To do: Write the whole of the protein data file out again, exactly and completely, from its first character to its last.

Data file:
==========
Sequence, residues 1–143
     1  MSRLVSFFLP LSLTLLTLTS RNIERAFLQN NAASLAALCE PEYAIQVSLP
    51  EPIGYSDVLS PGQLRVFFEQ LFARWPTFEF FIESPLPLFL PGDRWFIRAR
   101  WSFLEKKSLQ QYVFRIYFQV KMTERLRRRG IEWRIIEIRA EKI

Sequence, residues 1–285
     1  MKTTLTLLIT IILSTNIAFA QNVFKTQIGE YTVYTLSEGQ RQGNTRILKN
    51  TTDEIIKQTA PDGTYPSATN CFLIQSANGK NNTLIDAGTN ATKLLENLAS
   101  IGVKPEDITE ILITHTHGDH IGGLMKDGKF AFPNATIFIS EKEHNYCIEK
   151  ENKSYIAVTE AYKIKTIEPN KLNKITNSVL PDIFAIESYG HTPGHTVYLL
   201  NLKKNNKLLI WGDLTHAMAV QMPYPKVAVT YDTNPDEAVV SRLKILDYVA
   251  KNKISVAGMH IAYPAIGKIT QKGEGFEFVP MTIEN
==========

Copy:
Sequence, residues 1–143
     1  MSRLVSFFLP LSLTLLTLTS RNIERAFLQN NAASLAALCE PEYAIQVSLP
    51  EPIGYSDVLS PGQLRVFFEQ LFARWPTFEF FIESPLPLFL PGDRWFIRAR
   101  WSFLEKKSLQ QYVFRIYFQV KMTERLRRRG IEWRIIEIRA EKI

Sequence, residues 1–285
     1  MKTTLTLLIT IILSTNIAFA QNVFKTQIGE YTVYTLSEGQ RQGNTRILKN
    51  TTDEIIKQTA PDGTYPSATN CFLIQSANGK NNTLIDAGTN ATKLLENLAS
   101  IGVKPEDITE ILITHTHGDH IGGLMKDGKF AFPNATIFIS EKEHNYCIEK
   151  ENKSYIAVTE AYKIKTIEPN KLNKITNSVL PDIFAIESYG HTPGHTVYLL
   201  NLKKNNKLLI WGDLTHAMAV QMPYPKVAVT YDTNPDEAVV SRLKILDYVA
   251  KNKISVAGMH IAYPAIGKIT QKGEGFEFVP MTIEN